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Federal Restitution Law Failing Crime Victims

by Mike Rigby

A federal law meant to ensure that victims of violence, fraud and other property crimes are compensated for financial loss does not work as intended.

According to the Mandatory Victims Restitution Act (MVRA) passed by Congress in 1996, crime victims who suffer identifiable monetary losses are entitled to “full and timely restitution.” However, that is rarely the case.

Since the MVRA was enacted, the amount of outstanding federal restitution debt owed to victims nationwide has ballooned from $3.7 billion to more than $44.4 billion in 2008, the most recent year for which statistics are available. In fact, according to the U.S.
Department of Justice, the average collection rate for all 94 federal judicial districts in 2008 was a mere 1.4 percent.

During that same year the rates in some individual districts were particularly abysmal. New Jersey and the Southern District of New York had collection rates of .025 and .021 percent, respectively. The Eastern District of Pennsylvania collected a paltry .002 percent of outstanding third-party restitution debt in 2008.

One problem, critics say, is that the MVRA requires judges to order restitution for the full amount of a victim’s losses regardless of the defendant’s ability to pay. Thus, the restitution orders don’t accurately reflect how much will actually be collected. Offenders who are sentenced to prison for financial fraud are typically ordered to pay $100 a month in restitution when they are released. At that rate it would take over 833 years for an offender to repay $1 million.

A case in point is a January 2005 study by the U.S. Government Accountability Office (GAO) that followed five white collar criminals who owed a combined $568 million in restitution. Eight years after sentencing, the report found only 7 percent of the total had been repaid. Adding to the problem, according to GAO statistics, is the fact that more than 85 percent of federal criminal defendants are indigent with little or no ability to repay their victims.

Prosecutors have argued, however, that even if defendants are financially well off and have the means to pay restitution, there is little chance of recovering money for their victims unless their assets are seized before charges are filed.

In October 2007, the U.S. Senate followed this line of reasoning and passed legislation introduced by Senator Byron Dorgan, a North Dakota democrat, that would have made it easier for federal prosecutors to seize a defendant’s assets before he or she had even been charged with a crime. Fortunately for those who still believe in the concept of innocent until proven guilty, the bill died in a House subcommittee in May 2008.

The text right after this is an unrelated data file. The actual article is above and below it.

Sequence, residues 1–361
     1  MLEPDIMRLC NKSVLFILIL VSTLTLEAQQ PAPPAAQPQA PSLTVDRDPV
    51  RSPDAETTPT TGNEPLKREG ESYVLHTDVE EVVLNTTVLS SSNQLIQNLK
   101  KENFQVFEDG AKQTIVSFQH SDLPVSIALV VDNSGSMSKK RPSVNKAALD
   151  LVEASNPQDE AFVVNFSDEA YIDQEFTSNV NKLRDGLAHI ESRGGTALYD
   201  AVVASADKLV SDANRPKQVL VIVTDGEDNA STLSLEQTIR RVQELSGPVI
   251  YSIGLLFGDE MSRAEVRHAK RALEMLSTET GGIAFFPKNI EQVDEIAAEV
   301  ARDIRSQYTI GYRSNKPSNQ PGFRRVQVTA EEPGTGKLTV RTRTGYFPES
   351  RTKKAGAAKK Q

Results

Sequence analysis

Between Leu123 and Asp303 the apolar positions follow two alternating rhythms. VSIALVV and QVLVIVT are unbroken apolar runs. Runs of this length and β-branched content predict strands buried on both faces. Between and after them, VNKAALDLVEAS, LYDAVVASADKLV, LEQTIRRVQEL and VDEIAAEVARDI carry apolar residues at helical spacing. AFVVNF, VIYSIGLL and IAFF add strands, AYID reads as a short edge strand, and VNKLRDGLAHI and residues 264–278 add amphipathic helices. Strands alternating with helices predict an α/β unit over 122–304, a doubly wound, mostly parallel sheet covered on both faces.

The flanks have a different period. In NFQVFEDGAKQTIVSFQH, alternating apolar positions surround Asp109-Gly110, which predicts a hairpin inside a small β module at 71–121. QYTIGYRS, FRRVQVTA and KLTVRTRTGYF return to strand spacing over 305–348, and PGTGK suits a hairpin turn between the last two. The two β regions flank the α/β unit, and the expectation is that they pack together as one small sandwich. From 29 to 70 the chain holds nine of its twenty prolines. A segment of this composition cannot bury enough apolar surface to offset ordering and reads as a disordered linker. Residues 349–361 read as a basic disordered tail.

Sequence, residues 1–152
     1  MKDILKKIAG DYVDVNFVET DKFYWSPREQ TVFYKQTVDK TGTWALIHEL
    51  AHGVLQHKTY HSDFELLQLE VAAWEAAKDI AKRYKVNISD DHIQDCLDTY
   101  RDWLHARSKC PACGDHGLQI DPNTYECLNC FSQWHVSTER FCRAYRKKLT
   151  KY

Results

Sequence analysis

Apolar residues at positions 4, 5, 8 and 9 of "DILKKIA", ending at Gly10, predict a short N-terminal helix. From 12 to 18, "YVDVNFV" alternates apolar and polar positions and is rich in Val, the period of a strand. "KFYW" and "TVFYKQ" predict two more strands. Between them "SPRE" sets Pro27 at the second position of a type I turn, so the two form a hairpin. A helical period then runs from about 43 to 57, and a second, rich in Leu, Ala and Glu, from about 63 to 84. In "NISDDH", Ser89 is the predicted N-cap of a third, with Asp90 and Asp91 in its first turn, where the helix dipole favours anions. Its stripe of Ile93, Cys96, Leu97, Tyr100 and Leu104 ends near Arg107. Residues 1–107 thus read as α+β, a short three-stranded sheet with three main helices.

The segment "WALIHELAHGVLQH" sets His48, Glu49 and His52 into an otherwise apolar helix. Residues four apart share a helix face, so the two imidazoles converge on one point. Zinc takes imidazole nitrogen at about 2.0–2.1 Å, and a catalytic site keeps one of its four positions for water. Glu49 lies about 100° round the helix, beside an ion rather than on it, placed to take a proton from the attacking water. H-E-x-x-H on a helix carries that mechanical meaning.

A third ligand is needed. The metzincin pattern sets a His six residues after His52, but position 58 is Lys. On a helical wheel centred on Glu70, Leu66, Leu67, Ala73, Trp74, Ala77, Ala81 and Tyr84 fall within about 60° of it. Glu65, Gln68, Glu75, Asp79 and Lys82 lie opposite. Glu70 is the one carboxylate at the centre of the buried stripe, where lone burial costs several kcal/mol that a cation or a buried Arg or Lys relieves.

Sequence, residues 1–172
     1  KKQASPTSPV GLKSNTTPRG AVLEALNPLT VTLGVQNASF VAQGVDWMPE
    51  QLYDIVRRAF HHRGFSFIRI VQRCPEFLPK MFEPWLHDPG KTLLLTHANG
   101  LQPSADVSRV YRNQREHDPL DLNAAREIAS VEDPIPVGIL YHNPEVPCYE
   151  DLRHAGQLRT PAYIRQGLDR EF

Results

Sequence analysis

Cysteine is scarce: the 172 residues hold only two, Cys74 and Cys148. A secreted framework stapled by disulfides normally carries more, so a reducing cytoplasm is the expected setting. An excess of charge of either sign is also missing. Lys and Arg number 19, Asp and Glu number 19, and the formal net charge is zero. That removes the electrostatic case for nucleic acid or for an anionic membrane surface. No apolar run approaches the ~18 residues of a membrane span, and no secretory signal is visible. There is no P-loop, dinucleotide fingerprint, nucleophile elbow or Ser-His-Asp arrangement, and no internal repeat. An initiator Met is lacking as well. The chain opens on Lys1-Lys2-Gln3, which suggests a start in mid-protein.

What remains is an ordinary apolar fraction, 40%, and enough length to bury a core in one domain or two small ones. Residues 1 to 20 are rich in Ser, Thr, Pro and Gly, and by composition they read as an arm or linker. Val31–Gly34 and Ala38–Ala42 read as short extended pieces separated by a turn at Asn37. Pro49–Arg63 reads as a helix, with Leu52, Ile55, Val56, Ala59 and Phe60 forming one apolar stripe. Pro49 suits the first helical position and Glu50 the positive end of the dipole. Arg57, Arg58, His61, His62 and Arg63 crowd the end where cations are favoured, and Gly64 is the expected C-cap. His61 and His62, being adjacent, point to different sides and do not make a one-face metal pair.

Critics – mainly House Judiciary Committee Chairman John Conyers, Jr. and the criminal defense bar – had argued that the legislation would unfairly harm potential defendants and would not significantly increase the collection of restitution. David B. Smith, a criminal defense attorney, said the bill would have given federal prosecutors “a nuclear weapon with which to pauperize every single defendant” and thus prevent them from retaining private defense counsel by preemptively seizing their assets.

Even had the bill passed, it would have done little to alleviate the overriding problem. The bottom line is that government officials fritter away whatever restitution money is collected rather than using it to repay crime victims.

According to one GAO report, federal prosecutors use most forfeited assets – which are intended for restitution payments – for other purposes such as providing funds to local and state law enforcement agencies that aid them in prosecutions.

In fiscal year 2008, the 94 U.S. Attorneys offices had a collective total of $1.1 billion in asset forfeiture deposits, of which less than 40 percent – $429.4 million – went to crime victims for restitution. Moreover, 88 percent of the restitution money paid out in 2008 came from a single U.S. Attorneys office in upstate New York, while 55 U.S. Attorneys offices did not apply any of their forfeited asset funds to restitution.

An article in the December 2009 issue of the California Law Review, titled “Should Crime Pay?: A Critical Assessment of the Mandatory Victims Restitution Act of 1996,” noted that while “the MVRA may have led to marginally more compensation for victims of crime, it has decreased victim satisfaction with restitution.” Further, the article found that “mandatory restitution impedes offenders’ reintegration into society,” and concluded “the MVRA is often an inefficient and impractical method of recompensing victims” that is “detrimental to both victims and offenders.”

Sources:, California Law Review

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